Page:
Perhaps more impactful from a policy standpoint was the pilot’s impact on birth outcomes. Fresh Rx lowered the rate of babies born too early (before 37 weeks) from 14.2 to 13.3 per 100 births, resulting in a savings of $15,400 within the Fresh Rx pilot and nearly half a million dollars ($461,000) when applied to the Medicaid population of St. Louis.
Cost savings from lower birth weights were even more significant. The rate of babies being born at 5.5 pounds or less dropped from 16.3 to 11.0, resulting in savings of $189,100 within the pilot, and more than five million dollars ($5,341,800) when applied to St. Louis’ Medicaid population.
“Those savings come from what we know of what it costs when a low birth-weight baby is born,” said Trina Ragain, Director of Policy and Innovation at Operation Food Search. “They end up in neonatal intensive care, which is expensive.”
The formal study will place women into three cohorts, including a control group, another group that will receive nutritious food plus consultations, and a third that will get all the nutrition benefits plus support from a licensed clinical social worker. By including social worker services, Fresh Rx is acknowledging that food insecurity often occurs alongside other barriers to healthy living.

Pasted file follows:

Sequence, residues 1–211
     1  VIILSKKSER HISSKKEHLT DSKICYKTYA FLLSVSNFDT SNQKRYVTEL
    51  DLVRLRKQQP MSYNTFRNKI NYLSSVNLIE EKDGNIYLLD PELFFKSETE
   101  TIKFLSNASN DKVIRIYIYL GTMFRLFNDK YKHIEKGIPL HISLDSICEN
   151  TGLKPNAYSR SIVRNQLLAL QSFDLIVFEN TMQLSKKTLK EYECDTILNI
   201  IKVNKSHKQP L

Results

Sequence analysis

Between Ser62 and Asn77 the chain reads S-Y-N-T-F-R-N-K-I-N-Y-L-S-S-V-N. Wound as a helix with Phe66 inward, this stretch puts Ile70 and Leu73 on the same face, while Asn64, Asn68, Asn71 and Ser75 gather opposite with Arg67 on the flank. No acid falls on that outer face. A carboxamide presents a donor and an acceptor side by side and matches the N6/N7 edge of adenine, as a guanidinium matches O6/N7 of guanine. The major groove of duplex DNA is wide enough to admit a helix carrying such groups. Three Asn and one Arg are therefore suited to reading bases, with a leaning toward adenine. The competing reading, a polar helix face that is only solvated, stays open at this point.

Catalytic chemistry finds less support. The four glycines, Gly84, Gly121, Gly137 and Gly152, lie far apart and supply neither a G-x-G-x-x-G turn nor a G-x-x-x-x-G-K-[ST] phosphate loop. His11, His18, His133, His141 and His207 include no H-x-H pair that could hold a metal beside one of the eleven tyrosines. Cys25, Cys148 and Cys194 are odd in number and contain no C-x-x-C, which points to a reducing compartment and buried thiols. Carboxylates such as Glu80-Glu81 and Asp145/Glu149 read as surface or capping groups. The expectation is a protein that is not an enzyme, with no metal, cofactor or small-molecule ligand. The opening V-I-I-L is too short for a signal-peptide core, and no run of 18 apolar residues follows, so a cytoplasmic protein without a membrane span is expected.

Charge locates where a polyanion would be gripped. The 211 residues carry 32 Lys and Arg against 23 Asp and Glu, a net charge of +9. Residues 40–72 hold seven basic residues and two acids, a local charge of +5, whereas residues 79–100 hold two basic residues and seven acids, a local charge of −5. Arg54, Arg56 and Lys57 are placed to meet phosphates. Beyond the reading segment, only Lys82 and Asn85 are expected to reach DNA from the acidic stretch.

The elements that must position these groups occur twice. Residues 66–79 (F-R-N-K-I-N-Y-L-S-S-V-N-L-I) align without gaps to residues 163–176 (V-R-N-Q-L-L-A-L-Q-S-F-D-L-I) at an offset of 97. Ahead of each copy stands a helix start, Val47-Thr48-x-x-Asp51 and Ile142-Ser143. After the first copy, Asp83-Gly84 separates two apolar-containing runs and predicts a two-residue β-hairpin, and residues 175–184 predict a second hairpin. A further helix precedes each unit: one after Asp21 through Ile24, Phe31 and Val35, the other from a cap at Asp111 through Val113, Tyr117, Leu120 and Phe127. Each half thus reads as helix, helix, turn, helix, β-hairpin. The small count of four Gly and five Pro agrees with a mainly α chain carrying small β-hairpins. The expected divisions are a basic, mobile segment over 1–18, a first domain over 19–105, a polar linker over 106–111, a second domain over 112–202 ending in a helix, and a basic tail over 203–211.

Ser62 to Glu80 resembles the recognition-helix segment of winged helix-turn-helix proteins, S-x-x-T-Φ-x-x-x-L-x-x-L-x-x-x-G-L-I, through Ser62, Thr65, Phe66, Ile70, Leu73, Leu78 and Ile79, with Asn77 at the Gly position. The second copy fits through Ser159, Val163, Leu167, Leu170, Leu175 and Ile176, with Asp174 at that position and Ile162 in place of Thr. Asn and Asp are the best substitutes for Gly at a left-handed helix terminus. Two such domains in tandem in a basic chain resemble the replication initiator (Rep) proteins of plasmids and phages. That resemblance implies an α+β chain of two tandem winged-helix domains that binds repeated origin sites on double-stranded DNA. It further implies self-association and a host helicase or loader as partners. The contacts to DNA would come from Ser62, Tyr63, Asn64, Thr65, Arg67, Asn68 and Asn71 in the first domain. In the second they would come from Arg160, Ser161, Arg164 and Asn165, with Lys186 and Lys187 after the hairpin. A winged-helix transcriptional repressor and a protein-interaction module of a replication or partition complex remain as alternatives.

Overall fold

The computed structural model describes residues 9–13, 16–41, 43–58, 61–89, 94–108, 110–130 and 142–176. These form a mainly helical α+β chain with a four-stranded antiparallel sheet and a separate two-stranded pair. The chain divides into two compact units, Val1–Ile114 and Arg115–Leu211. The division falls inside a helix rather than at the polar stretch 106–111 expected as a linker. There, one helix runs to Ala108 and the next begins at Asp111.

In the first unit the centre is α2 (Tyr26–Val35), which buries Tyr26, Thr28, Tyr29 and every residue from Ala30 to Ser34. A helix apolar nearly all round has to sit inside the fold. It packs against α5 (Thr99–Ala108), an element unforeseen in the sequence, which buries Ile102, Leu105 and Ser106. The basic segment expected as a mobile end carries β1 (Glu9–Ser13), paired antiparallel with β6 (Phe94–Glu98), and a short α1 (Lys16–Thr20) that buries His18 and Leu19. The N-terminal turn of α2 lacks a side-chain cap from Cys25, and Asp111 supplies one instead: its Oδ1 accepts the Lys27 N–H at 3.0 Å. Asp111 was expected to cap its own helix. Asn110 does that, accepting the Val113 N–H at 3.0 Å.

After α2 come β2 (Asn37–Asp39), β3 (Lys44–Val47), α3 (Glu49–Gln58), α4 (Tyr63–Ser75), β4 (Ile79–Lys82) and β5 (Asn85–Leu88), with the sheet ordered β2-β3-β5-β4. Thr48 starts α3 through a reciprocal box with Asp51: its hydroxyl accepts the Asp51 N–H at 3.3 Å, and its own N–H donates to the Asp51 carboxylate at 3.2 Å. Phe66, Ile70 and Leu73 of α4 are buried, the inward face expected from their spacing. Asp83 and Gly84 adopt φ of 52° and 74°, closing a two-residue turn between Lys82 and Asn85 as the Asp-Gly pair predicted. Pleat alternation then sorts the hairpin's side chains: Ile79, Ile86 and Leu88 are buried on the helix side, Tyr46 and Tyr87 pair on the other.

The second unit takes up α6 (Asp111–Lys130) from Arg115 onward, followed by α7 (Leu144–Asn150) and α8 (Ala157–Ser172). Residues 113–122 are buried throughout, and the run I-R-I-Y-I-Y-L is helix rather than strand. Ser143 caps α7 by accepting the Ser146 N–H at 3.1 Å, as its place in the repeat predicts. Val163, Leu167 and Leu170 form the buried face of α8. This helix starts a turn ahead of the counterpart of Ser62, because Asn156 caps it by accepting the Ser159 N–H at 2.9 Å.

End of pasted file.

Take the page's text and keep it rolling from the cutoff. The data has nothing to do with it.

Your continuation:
So far, two of the state’s three health insurance plan providers have agreed to perform the Hunger Vital Signs food insecurity screening as part of their enrollment, which will provide a flow of participants, and Fresh Rx is working to add the third. Fresh Rx will examine the costs and returns of the three types of treatment by looking at the related health care claims. The program is the first of its kind to study pregnant women. “It’s on the cutting edge,” Perry noted.
In striving to prove an economic return on treating food insecurity, Operation Food Search is making its own investment, largely funded by partners, including the Bayer Fund. It currently has five full-time employees working on Fresh Rx and is getting ready to hire more. Current employees include a registered dietitian, a trained chef, a social worker, a member of the policy team, and a community health worker who is also a graduate of the pilot.
Fresh Rx anticipates investing an average of $1,000 to $1,200 per household to cover case management and provide three complete meals a week (including four to six servings for the entire household per meal) over the course of at least half a pregnancy and 60 days postpartum. “We’re trying to fill the SNAP gap,” Ragain said.
By conducting a randomized controlled study—considered the gold standard in determining whether a treatment will be effective—the food bank hopes to demonstrate a sustainable path forward for treating food insecurity through policy change. “The question is, can we get to a place where the savings analysis is appealing to all the stakeholders,” Ragain said.